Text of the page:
The Irredeemability of “America” and the Call for a Decentralist Revolution

February 1, 1995

The rapid disintegration of the “Communist” world, and the resulting demise of the Cold War, overshadowed a more significant war: the catastrophic effects of a long era of a diabolical capitalist model that has maintained war against the “Third” world and the planet. The Cold War, i.e., the East-West confrontation, was a cover for the “Third” World War, the North-South battle of the rich against the poor. The “New World Order” is simply a unipolar, Pax Americana version of the Old World Order.

This should not be surprising. The foundations of Western Hemisphere “civilization,” including but not limited to the United States of America, are rooted in arrogant European ethnocentrism that shamelessly carried out the most heinous genocide, against indigenous American and Africans, in human history. Since 1492 each person now alive has been instilled with the character and unconsciousness of over 33 million direct ancestors through 25 generations of offspring (225 equals 33,554,432). This character is deeply etched into our subconscious. With little awareness, we live with the presence of this past, a legacy of our original violent theft that has been preserved to this day through generations of various demonic methods of exploitation. This record, which I describe as the Columbus Enterprise, is fully in force today under the term, “New World Order” or neoliberal economics. We have barely, if at all, been conscious of this conceitedness, and the incredible suffering it has caused, and continues to cause, even to ourselves.

Fundamental injustices were in fact originated in 1492. They were legally legitimized and have become increasingly structural and systemic through the establishment of various EuroAmerican nation state oligarchic structures, including the “Constitutional Republic” of the United States of America. Anthropocentric racism, classism, and sexism have dominated the life of virtually all these oligarchic republics, whether “democracies” or dictatorships. Additionally, the United States, with its religion of “Manifest Destiny” and obsession with maintaining the American Way Of Life (AWOL), has become the most violent and destructive empire in human history through full fledged colonialism, neocolonialism, and imperialism.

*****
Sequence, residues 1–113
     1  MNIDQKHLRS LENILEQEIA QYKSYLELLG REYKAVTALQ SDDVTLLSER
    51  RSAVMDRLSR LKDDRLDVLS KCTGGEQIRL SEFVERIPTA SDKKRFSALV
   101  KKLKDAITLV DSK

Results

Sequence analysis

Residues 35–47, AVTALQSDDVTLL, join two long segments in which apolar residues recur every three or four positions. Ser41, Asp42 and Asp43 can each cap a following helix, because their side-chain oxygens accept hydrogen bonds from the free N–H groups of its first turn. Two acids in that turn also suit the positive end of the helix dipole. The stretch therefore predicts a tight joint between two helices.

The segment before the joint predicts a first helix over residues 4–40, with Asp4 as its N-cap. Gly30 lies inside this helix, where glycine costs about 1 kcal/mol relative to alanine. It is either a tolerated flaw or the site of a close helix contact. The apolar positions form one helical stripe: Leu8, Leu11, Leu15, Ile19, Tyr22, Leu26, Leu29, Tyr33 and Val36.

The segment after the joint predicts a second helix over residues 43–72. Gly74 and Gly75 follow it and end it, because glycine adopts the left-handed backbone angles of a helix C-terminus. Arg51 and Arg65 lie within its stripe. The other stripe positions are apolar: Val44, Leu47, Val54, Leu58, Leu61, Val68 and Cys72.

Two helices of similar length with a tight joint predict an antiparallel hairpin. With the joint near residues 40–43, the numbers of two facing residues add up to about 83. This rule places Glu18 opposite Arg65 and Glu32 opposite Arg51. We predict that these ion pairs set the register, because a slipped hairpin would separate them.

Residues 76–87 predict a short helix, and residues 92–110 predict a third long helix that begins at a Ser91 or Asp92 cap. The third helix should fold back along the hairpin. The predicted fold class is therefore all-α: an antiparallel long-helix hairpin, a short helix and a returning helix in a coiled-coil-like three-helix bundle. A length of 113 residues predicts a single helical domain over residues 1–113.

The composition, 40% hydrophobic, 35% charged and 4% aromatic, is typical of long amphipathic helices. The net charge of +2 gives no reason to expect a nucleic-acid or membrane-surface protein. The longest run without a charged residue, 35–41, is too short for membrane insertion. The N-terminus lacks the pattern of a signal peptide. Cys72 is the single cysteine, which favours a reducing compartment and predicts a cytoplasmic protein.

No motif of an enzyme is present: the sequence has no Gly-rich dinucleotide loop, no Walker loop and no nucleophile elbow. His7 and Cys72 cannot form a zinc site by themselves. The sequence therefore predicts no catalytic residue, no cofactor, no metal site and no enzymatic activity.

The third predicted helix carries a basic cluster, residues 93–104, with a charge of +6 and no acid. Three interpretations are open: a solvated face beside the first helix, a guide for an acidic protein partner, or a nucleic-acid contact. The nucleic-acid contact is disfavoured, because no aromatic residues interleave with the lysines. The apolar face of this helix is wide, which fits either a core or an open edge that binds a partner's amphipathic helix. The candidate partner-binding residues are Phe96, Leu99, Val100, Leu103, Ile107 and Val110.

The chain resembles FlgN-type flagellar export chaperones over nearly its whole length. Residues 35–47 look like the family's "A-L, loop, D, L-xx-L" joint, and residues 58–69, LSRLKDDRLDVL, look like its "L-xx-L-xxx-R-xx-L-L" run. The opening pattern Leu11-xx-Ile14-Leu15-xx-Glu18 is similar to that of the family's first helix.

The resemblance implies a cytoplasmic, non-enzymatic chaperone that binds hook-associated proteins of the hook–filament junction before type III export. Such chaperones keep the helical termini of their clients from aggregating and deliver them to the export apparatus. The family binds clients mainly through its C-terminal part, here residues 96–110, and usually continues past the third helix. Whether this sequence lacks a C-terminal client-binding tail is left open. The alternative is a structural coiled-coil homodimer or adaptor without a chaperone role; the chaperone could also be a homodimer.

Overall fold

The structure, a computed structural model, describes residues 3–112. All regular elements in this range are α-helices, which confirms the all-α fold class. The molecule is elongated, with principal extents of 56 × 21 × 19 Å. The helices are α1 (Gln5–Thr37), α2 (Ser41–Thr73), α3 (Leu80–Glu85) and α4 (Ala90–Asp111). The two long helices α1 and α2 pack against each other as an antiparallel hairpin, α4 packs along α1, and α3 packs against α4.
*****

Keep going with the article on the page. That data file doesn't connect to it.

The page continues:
The rapid development of the institutionalized and pervasive greed of market/political forces has captured virtually all of modern, western life. It seeks to capture the entire planet with its “free” market free-for-all. This force has seduced and co-opted most of us, including those of us in the peace and justice “movement,” into an insidious complicity with and dependency upon the plutocratic and economic structures and the values that underlie the American Way Of Life. We are caught in a depressing hypocrisy, ironically the more so, as we harshly condemn our national policies and values.

Disconnect from our feelings, souls, bodies and minds, and in our relationship with all nature, leads to emotional, mental, physical, spiritual, social, political, and ecological breakdowns. Our minds, bodies, souls, and life practices are not integrated. We are not grounded with nature, therefore not wise. We are dangerously spinning into chronic dis-ease as fragmented, unfeeling automatons, rapidly falling toward extinction.

We continue to foolishly believe that legislation will bring peace, justice and “order.” Endless attempts at crime “control” through passage of more criminal laws, adding police and prisons, will continue to frustrate us. International attempts to bring permanent peace to conflicts rooted in structural injustices are doomed to failure. Even our highly praised civil rights legislation has not eliminated racism. In fact, some authorities, such as former U.S. Supreme Court Justice Thurgood Marshall, recently deceased, claim that racism is more widespread and insidious now than before the civil rights movement started in the 1950s. A simple principle is ignored. There is no peace without justice. There is no justice without a consciousness of our sacred interconnectedness, our ancient dimension of mutual aid and cooperation.